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© 2005 Prentice-Hall 13-1 Foundations of Organization Structure Chapter 13 Essentials of Organizational Behavior, 8/e Stephen P. Robbins
© 2005 Prentice-Hall 13-2 1)Identify the six key elements that define an organization’s structure 2)Describe a simple structure 3)Explain the characteristics of a bureaucracy 4)Describe a matrix organization After reading this chapter, you should be able to:
© 2005 Prentice-Hall 13-3 After reading this chapter, you should be able to: 5)Explain the characteristics of a “virtual” organization 6)Summarize why managers want to create boundaryless organizations 7)List the factors that favor different organization structures 8)Explain the behavioral implications of different organization structures
© 2005 Prentice-Hall 13-4 Organization Structure Organization Structure defines how job tasks are formally divided, grouped, and coordinated
© 2005 Prentice-Hall 13-5 Elements to Address Work specialization Departmentalization Chain of command Span of control Centralization Decentralization Formalization
© 2005 Prentice-Hall 13-6 Work Specialization Division of labor Describes the degree to which activities in the organization are subdivided into separate jobs
© 2005 Prentice-Hall 13-7 Departmentalization Basis by which jobs are grouped together Function Product Geography Process Customer
© 2005 Prentice-Hall 13-8 Chain of Command Unbroken line of authority that extends from the top of the organization to the lowest echelon and clarifies who reports to whom
© 2005 Prentice-Hall 13-9 Chain of Command Authority Unity of Command principle
© 2005 Prentice-Hall 13-10 Span of control - determines the number of levels and managers an organization has
© 2005 Prentice-Hall 13-11 Contrasting Spans of Control
© 2005 Prentice-Hall 13-12 Trend in recent years has been toward larger spans of control Wide spans are consistent with efforts by companies to reduce costs, cut overhead, speed up decision making, increase flexibility, get closer to customers, and empower employees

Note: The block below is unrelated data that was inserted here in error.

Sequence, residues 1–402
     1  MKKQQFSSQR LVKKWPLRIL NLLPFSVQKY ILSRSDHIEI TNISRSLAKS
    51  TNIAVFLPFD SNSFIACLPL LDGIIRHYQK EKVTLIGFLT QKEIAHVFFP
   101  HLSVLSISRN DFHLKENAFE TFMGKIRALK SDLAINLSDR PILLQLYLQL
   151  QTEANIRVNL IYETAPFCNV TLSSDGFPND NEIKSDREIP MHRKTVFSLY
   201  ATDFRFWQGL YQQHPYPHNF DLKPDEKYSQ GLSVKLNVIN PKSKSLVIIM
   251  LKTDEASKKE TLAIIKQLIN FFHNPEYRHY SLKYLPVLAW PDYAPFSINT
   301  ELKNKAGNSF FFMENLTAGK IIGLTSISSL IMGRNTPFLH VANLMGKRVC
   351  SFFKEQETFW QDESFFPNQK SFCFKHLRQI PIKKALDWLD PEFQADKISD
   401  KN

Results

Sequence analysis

© 2005 Prentice-Hall 13-13 Centralization -Centralization - degree to which decision making is concentrated at a single point in the organization Decentralization -Decentralization - lower-level personnel provide input or are actually given the discretion to make decisions
© 2005 Prentice-Hall 13-14 Formalization Degree to which jobs within the organization are standardized
© 2005 Prentice-Hall 13-15 Common Organizational Designs Simple structureSimple structure BureaucracyBureaucracy Matrix structureMatrix structure
© 2005 Prentice-Hall 13-16 Simple Structure Low degree of departmentalization Wide spans of control Little formalization Difficult to maintain in anything other than small organizations
© 2005 Prentice-Hall 13-17 Bureaucracy Highly routine operating tasks achieved through specialization Formalized rules and regulations Tasks that are grouped into functional departments
© 2005 Prentice-Hall 13-18 Bureaucracy Centralized authority Narrow spans of control Decision making that follows the chain of command
© 2005 Prentice-Hall 13-19 Matrix Structure Combines two forms of departmentalization—functional and product
© 2005 Prentice-Hall 13-20 Matrix Structure for a College of Business Administration
© 2005 Prentice-Hall 13-21 New Options The Team StructureThe Team Structure The Virtual OrganizationThe Virtual Organization The Boundaryless OrganizationThe Boundaryless Organization
© 2005 Prentice-Hall 13-22 Mechanistic versus Organic Structures
© 2005 Prentice-Hall 13-23 Strategy and Structure Innovation StrategyInnovation Strategy Cost-Minimization StrategyCost-Minimization Strategy Imitation StrategyImitation Strategy
© 2005 Prentice-Hall 13-24 Why do Structures Differ? Organization Size Technology Environmental Uncertainty
© 2005 Prentice-Hall 13-25 Organizational Structure and Employee Behavior Work Specialization Span of Control Centralization
© 2005 Prentice-Hall 13-26 1)Identified the six key elements that define an organization’s structure 2)Described a simple structure 3)Explained the characteristics of a bureaucracy 4)Described a matrix organization Summary
© 2005 Prentice-Hall 13-27 5)Explained the characteristics of a “virtual” organization 6)Summarized why managers want to create boundaryless organizations 7)Listed the factors that favor different organization structures 8)Explained the behavioral implications of different organization structures Summary
Chapter 14 Foundations of Organizational Structure
Chapter Learning Objectives
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© 2005 Prentice-Hall 13-1 Foundations of Organization Structure Chapter 13 Essentials of Organizational Behavior, 8/e Stephen P. Robbins.
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